From Hailey: About two months into my freshman year, I lightly protested as Dexter pulled me to my first OutRegis! meeting. “I’ve never done improv before! I don’t know how! I’m nervous. What if I’m not funny? I’m not funny. I know I’m not.” Despite, these protests, I was curious and continued to walk with him into rehearsal. I spent the rehearsal on the receiving end of hurled encouragement as I fumbled through scenes and tried to internalize the “rules of improv” that I had learned just that day. I walked out embarrassed; at the same time, I walked out knowing that I had found my home. I only did traditional theatre in high school, directing and acting in pre-scripted, school-appropriate plays. In lieu of that, I fell in love with the semi-structured, organic nature of improvisational theatre.
In fact, I fell in love with it so much that I wanted to spread it. Earlier this year, I founded (along with five other artists) Chimerical Children’s Theatre, a summer youth theatre program dedicated to the youth themselves. All six of us had worked in other youth theatres and had noticed that the format was based around the final performance, working the participants in rehearsals in order to put on a good show for the parents to prove their money was well spent. We decided to take it in a participant-oriented direction, instead teaching them broader skills in workshops that they could apply in rehearsal and loosening our grip on the creative aspects in favor of guiding and letting them learn hands-on; it was messy, but much more productive in the learning department. This winter, we are pioneering a sketch-comedy-and-improv intensive workshop, titled Chimerical Creations Camp. Another founder and I suggested it as a way to bring improv theatre into the kids’ lives and to let them create a show entirely from their own hands. Over the course of this semester, we have retroactively learned that our approach to youth theatre was fairly community-based—grassroots—and we want to further our work in that field.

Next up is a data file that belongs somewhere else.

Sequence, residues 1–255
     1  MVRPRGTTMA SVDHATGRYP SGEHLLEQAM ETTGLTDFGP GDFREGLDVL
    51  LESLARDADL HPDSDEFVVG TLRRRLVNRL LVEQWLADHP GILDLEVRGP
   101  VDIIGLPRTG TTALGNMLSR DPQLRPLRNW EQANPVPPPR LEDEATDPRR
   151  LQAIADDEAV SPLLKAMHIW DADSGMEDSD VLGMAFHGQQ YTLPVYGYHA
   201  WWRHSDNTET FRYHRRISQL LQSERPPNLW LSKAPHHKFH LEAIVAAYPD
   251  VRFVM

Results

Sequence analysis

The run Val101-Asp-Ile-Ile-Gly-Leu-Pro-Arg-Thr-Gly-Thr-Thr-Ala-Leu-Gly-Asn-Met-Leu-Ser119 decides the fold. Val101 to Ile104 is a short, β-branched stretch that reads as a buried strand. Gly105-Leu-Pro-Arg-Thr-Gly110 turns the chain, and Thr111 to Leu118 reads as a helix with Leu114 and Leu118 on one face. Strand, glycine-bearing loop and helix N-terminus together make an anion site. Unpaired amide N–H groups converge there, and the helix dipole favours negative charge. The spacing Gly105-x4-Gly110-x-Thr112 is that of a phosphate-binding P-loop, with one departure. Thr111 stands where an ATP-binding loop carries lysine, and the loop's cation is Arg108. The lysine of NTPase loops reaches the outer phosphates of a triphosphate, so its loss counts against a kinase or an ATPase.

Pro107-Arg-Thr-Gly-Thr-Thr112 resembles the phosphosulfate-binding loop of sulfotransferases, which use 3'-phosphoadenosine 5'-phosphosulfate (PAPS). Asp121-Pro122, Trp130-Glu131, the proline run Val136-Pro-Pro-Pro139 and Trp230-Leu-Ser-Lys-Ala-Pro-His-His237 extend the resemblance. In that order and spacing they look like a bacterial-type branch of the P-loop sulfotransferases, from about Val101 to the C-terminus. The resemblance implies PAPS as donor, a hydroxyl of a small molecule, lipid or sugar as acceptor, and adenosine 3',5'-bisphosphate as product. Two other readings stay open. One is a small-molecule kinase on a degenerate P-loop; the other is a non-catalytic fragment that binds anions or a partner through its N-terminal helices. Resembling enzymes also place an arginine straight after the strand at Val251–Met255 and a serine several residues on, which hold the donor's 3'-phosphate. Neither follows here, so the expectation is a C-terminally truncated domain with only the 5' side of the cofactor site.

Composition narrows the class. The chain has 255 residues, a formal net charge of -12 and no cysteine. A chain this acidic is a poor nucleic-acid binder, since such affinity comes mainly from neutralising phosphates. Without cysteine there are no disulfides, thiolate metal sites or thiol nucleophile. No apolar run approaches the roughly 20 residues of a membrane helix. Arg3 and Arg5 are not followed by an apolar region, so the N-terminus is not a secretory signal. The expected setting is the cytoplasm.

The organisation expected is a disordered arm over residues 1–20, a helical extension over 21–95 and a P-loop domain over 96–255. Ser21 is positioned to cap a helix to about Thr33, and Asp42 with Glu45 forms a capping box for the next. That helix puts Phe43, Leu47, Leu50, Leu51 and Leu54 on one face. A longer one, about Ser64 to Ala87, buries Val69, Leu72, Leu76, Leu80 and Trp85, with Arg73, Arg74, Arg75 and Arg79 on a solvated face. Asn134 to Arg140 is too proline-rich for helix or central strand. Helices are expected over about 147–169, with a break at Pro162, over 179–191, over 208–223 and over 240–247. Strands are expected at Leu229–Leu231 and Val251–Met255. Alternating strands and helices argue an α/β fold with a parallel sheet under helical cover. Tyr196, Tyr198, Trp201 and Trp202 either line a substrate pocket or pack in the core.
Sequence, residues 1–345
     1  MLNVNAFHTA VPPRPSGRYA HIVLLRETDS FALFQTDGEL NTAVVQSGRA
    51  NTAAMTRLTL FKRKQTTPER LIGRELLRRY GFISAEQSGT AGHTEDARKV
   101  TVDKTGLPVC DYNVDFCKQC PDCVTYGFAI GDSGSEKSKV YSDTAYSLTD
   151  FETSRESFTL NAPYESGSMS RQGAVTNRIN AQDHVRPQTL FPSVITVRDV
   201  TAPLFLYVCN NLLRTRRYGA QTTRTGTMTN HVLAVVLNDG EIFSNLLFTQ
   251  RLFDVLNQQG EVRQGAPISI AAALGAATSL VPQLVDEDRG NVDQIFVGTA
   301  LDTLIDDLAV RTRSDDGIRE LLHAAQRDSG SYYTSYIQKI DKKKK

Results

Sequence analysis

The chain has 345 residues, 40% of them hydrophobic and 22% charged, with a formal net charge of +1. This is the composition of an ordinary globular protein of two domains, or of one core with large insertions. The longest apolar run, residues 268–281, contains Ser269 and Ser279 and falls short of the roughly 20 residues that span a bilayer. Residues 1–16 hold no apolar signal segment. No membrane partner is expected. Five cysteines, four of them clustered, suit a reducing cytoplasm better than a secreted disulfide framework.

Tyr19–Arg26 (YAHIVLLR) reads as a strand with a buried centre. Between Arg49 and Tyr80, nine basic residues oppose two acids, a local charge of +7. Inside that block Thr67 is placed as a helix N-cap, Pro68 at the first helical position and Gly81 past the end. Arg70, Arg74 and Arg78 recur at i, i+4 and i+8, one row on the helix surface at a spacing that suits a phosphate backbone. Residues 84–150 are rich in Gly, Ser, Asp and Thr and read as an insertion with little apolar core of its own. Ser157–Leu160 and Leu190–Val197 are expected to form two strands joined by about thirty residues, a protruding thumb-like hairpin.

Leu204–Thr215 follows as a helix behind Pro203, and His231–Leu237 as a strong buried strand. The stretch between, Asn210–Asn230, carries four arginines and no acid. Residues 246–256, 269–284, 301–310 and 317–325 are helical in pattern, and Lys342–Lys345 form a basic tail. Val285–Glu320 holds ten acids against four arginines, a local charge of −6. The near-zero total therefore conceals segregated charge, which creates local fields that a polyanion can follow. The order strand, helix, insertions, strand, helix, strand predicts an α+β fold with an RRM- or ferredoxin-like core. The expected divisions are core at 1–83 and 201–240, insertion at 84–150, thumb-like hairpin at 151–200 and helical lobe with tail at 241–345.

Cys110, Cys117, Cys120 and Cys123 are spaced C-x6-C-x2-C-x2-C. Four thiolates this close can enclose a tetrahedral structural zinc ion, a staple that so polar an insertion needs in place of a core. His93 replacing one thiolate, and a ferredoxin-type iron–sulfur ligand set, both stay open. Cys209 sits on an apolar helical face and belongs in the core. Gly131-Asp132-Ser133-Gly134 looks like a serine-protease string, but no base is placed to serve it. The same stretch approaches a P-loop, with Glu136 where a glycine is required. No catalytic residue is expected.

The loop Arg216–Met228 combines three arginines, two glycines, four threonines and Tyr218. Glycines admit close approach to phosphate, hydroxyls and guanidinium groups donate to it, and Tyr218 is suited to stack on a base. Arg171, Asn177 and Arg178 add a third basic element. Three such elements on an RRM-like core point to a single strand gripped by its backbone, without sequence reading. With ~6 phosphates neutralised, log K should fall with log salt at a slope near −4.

The reason that the grassroots aspect of youth theatre is so important to me is that I suspect it will remain a strong influence and project format throughout my life. This semester, I have taken Dr. Janna Goodwin’s Performing Changes class, a course in how community-based theatre can be formed and used for positive change. While I do not intend to pursue theatre as my sole career, I have become inspired to use it to further positive change in my community. Already, basing theatre in the community has led to multiple Chimerical students coming to me and expressing gratitude; most say that they learned more over one summer than in years of theatre participation. Not only that, but they plan to use and teach their newfound talents. I wonder: if just basing theatre education around the students rather than the parents had this sort of effect, then what could happen if programs tried to center relevant issues, using theatre, around those affected? I know this is something that I’ll have to explore, as I continue bouncing ideas and inspiration between OutRegis!, performance classes at Regis, Chimerical Children’s Theatre, and whatever other projects come of this. I have seen how other grassroots organizations have affected their communities. I want to be next.